Alert Sign Dear reader, online ads enable us to deliver the journalism you value. Please support us by taking a moment to turn off Adblock on Dawn.com.

Alert Sign Dear reader, please upgrade to the latest version of IE to have a better reading experience

.

PAKISTAN’S STARS-IN-WAITING

Updated July 09, 2017

It’s comedians who are the kings of social media in Pakistan. Zaid Ali T (5,467,085 followers) a Pakistani-Canadian is so popular he was asked to host the 2016 Lux Style Awards. Shaam Idrees (5,749,967 followers) is another Pakistani-Canadian with a massive following back home. Ali Gul Pir’s Wadera Ka Beta, which went viral right before the YouTube ban was implemented, has over 4.7 million views. Back home we have local favourites — Junaid Akram (371,963), Faiza Saleem (201,993) and Danish Ali who had 994,875 followers on his Facebook page at the time of writing this.

At the moment in Pakistan, the only ones truly getting anywhere by taking advantage of social media as a platform, are our comedians. “People like to laugh,” says stand-up comedian and online star Danish Ali. “They like to share with others what makes them laugh.”

“The video that catapulted me into fame was Super Chitter I think,” says Danish Ali. “That was back in 2011-2012. The transition to online was very gradual. I haven’t stopped doing stand-up comedy. We still do shows. But the digital medium … it’s definitely empowering.

“It is definitely new for people,” he says referring to corporates who are just waking up to the online medium. “It’s new for all of the brands. Just wait till you see all of the faces in the meetings.

“This year, I’ve noticed everyone is on Facebook,” says Danish. “It’s becoming a whole other thing and I believe it will soon take over television entirely.” Online streaming platform Netflix launched in Pakistan in 2016. They host some Pakistani dramas and documentaries as well. Earlier this year, another platform, iFlix which claims to host far more Pakistani content also launched in the country as well.

In Pakistan, people have used social media for fame, and occasionally they have succeeded, sometimes with devastating consequences as in the case of the late Qandeel Baloch. But they haven’t always been able to monetize their popularity. That might change soon.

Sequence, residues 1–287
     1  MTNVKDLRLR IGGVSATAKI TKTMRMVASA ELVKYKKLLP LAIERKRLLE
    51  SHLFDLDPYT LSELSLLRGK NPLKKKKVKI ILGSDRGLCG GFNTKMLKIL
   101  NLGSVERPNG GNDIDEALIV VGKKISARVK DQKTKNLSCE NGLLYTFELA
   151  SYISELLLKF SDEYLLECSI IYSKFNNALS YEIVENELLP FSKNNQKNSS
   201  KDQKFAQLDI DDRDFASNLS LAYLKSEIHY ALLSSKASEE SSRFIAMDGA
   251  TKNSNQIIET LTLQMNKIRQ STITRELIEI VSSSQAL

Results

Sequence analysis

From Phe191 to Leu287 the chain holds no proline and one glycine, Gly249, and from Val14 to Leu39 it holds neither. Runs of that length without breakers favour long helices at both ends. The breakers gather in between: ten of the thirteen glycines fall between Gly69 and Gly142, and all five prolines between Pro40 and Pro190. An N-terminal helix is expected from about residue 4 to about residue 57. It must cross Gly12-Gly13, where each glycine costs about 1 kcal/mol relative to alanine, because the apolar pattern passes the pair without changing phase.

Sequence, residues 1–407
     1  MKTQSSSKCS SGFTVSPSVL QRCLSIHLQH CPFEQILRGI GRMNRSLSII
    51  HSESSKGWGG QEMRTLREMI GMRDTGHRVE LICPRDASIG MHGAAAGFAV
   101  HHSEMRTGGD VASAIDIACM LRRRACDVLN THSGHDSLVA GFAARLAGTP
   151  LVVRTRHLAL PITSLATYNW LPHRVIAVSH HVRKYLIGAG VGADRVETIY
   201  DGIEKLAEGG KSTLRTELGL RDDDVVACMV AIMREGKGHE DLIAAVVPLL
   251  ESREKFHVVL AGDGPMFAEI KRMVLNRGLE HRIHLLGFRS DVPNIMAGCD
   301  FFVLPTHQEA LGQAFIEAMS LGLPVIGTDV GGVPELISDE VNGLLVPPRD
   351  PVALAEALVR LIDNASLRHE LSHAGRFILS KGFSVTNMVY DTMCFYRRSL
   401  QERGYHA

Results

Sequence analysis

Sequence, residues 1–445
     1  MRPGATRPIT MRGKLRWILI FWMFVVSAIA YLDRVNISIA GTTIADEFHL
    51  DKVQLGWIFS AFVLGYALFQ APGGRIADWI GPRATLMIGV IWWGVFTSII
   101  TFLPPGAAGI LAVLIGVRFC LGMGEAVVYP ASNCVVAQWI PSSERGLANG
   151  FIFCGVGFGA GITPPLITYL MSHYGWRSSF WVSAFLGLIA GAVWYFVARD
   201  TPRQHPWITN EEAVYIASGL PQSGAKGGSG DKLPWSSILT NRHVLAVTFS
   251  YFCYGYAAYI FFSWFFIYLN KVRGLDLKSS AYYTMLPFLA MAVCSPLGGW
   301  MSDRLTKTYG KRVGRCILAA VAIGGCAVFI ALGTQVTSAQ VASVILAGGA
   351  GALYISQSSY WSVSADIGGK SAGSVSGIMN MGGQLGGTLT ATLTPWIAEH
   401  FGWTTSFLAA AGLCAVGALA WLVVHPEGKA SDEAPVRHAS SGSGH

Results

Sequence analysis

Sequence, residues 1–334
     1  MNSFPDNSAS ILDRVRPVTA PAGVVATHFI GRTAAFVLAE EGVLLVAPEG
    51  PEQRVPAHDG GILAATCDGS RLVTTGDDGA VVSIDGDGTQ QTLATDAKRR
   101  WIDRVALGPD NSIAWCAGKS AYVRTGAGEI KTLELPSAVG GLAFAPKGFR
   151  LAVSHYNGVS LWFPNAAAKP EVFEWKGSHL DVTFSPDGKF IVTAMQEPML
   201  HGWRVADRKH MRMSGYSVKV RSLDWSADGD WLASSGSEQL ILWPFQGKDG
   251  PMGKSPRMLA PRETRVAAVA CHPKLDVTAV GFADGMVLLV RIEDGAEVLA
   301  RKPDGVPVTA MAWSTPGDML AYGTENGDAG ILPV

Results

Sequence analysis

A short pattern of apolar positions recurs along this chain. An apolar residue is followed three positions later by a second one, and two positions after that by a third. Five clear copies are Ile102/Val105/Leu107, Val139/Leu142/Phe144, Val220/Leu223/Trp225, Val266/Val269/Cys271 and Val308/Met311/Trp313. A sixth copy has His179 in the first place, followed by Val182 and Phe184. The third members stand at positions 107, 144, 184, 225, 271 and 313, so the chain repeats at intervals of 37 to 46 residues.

“The number of views on YouTube in this past year have gone up exponentially,” says Danish Ali of the response to his videos. That’s surprising considering that Facebook is the main medium via which artists nowadays promote their content. In a previous conversation, Ahmer Naqvi of the online music platform Patari had said, “[YouTube] got banned for five years and consumer behaviour changed. Pakistan is one of the few places in the world where Facebook is the premier video platform.” And Facebook doesn’t pay for your content. In fact, the artist ends up paying Facebook to promote it.

But things are changing. “They [Facebook] have already started [paying people] abroad,” says Danish. Over here, people are slowly shifting back to the once-popular (in Pakistan) video streaming platform and the platform itself has been expanding its operations in the country. Danish thinks that people will shift their focus from Facebook videos to YouTube videos — give or take a year. “YouTube has monetized and partnered with every major content creator in Pakistan,” says Danish. “I know that because they got in touch with me to ask about some of the others [out there]. Although they started to monetize us two-three months ago, it’s a start. It is possible to make an income from YouTube eventually — maybe even in less than a year.”

Currently, however, the main focus remains on getting sponsorships. “That’s what I do,” says Danish. “That’s a huge part of what I do. We’re very cheeky. It’s come to a point where there is not a video that goes unnoticed that involves a brand. We enjoy it. We’re not afraid of being commercial. We’re very cheeky and confident.” Judging by the response, people know its sponsored content and they still love it. Mostly because Danish doesn’t make it seem like he’s actively ‘selling’ them a product.

This, in return for almost no major monetary investment. “I have a DSLR I bought in 2011,” says Danish. “I use the same camera. There are also a bunch of lights that refuse to die. I might start making videos using my mobile phone.”

In other parts of the world, people have been so successful using their social media platforms that they’ve ended up being listed in Forbes — namely the 28-year-old Indian-Canadian YouTube star Lilly Singh. Can a Pakistani star hope to get that far? Danish thinks it’s possible, but we’re not there yet. “We’re basically the number of years behind when YouTube got blocked,” says Danish. “Give it some time. Even in one year you’ll see a difference. This is an exciting new horizon.”

Published in Dawn, ICON, July 9th, 2017